Safety rankings: should hospitals care?

The impact on hospitals varies by location

In March, Consumer Reports released new safety scores for 2,591 U.S. hospitals. The magazine is just one of a number of organizations that rates hospitals on safety. Should hospitals care about all these rankings?

If hospitals are worried the rankings will cause patients to go elsewhere, they shouldn't, said Joel Shalowitz, clinical professor and director of Health Industry Management at the Kellogg School of Management at Northwestern University.

"As far as individuals are concerned, publishing these report cards does not seem to make a lot of difference in their choice of which hospital to go to," he said. "There have been a number of studies over several decades that demonstrate this."

For the most part, he said, patients aren't necessarily willing to seek higher quality care if it means more burdensome access. "They don't want to travel and be taken out of their community hospitals for higher quality services somewhere else."

However, any bad press resulting from rankings is sure to impact hospitals, said Tatiana Melnik, an attorney working in the healthcare industry at Melnik Legal in Tampa, Fla. News organizations pay attention to publications like Consumer Reports because it is so well respected, and if the hospital in town is high on the list for mortality or facility-acquired infections, that's going to get noticed.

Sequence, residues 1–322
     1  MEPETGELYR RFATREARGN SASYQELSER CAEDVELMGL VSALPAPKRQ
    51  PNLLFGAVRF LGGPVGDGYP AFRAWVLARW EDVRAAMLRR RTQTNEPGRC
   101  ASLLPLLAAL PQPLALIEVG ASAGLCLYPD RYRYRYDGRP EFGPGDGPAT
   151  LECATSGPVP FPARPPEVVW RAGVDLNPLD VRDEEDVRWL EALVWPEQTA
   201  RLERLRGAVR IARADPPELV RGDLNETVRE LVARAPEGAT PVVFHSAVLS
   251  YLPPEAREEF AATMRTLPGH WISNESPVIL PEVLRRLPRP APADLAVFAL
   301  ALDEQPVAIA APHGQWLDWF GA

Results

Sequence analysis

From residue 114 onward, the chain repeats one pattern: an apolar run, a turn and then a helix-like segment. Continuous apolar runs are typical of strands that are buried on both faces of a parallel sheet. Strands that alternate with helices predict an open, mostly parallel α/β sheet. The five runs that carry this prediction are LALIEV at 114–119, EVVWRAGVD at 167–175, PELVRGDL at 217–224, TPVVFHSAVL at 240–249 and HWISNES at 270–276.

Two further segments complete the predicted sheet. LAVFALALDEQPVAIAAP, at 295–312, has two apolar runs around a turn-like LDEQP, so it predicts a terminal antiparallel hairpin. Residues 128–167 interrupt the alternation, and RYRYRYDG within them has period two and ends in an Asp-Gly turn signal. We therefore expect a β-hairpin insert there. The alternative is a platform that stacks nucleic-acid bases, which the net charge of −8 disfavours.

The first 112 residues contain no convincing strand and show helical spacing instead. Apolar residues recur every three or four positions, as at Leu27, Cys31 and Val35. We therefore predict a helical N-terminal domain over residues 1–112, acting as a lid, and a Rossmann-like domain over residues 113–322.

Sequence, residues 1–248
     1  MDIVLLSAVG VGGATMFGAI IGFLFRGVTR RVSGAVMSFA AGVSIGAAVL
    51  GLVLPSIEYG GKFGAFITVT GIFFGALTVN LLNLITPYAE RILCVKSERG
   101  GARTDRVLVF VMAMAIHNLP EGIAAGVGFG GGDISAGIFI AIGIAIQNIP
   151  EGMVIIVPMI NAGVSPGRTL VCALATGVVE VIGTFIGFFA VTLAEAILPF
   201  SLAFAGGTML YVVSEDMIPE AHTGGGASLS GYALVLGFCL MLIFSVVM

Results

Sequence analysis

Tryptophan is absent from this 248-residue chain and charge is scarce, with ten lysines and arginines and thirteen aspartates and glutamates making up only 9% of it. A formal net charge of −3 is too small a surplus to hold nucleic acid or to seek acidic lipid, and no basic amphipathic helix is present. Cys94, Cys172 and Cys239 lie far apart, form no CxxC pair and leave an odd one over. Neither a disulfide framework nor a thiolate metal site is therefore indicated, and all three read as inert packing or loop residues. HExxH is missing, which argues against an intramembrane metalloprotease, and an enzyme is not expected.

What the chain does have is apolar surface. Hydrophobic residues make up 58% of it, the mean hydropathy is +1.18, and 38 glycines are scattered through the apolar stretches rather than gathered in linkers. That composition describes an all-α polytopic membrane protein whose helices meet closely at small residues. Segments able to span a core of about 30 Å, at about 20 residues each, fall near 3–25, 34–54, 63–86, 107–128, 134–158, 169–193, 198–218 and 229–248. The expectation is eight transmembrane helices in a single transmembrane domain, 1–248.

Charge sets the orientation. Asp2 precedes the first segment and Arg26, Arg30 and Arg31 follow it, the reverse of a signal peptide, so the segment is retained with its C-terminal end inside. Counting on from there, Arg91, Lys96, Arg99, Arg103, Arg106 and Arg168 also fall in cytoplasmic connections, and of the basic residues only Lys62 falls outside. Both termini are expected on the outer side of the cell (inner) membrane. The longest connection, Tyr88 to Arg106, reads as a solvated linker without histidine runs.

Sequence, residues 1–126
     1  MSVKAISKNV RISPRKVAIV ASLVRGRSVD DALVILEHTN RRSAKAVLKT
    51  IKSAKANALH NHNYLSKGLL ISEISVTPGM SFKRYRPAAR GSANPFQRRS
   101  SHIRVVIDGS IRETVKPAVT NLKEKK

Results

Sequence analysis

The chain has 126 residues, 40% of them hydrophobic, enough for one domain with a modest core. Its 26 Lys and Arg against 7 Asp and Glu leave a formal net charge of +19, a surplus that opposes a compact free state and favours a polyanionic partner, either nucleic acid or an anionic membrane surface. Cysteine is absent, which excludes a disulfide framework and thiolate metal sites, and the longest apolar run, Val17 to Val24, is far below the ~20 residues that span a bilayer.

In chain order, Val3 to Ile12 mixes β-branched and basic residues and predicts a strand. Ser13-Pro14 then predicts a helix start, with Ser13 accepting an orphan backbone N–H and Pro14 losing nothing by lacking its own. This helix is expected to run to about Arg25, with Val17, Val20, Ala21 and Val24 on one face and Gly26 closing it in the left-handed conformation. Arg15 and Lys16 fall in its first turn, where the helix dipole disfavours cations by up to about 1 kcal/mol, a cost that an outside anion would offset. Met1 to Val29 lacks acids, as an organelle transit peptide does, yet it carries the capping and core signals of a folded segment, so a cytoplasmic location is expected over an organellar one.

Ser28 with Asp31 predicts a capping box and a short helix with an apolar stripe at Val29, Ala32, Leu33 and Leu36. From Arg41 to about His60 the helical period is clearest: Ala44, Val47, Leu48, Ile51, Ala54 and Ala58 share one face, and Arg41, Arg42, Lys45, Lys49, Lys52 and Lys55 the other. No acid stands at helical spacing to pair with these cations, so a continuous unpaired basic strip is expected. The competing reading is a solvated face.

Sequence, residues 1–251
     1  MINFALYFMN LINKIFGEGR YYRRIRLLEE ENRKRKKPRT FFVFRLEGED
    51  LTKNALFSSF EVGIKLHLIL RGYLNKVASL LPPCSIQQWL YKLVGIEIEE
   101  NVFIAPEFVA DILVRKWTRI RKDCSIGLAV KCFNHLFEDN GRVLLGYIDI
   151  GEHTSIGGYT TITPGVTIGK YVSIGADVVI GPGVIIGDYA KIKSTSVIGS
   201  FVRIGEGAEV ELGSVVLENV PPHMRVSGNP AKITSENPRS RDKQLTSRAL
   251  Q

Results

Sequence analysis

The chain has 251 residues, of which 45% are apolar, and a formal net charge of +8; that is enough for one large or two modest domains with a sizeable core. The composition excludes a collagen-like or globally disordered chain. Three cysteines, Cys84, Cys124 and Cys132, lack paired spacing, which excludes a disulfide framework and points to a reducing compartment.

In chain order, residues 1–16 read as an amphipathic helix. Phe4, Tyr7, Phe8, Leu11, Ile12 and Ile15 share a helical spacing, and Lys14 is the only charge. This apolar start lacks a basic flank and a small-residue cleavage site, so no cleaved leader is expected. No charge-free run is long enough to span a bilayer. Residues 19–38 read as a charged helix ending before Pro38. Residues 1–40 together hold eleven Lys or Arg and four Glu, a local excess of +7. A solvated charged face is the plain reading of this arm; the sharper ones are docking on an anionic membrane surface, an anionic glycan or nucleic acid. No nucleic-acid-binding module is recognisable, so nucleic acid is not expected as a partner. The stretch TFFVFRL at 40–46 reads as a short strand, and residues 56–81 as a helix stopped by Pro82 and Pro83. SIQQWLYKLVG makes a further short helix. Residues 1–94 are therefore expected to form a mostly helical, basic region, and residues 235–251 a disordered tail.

"Bad press does impact revenue and overcoming bad press is an expensive proposition," she said.

And while hospitals in rural communities may be able to bank on locals not wanting to travel, hospitals in metropolitan areas where there is more competition, may have more to worry about, said Tim DeCou, partner of executive services firm Hardesty LLC's healthcare practice. "(Patients are) going to seek out safety information and want to go with the hospital with lower mortality rates or highest ratings in infection control."

Ultimately, whether hospitals should care about the rankings, most hospitals do care, and they can use the rankings, whether they agree with their ranking or not, to evaluate where they are doing well and where they could improve, said John Bulger, chief quality officer at Geisinger Health System in Danville, Pa.

"The main point is that public reporting is helpful and improves transparency," he said. "The question becomes how should (ranking) be done, and in what ways can we make the information most valuable for patients?" he said.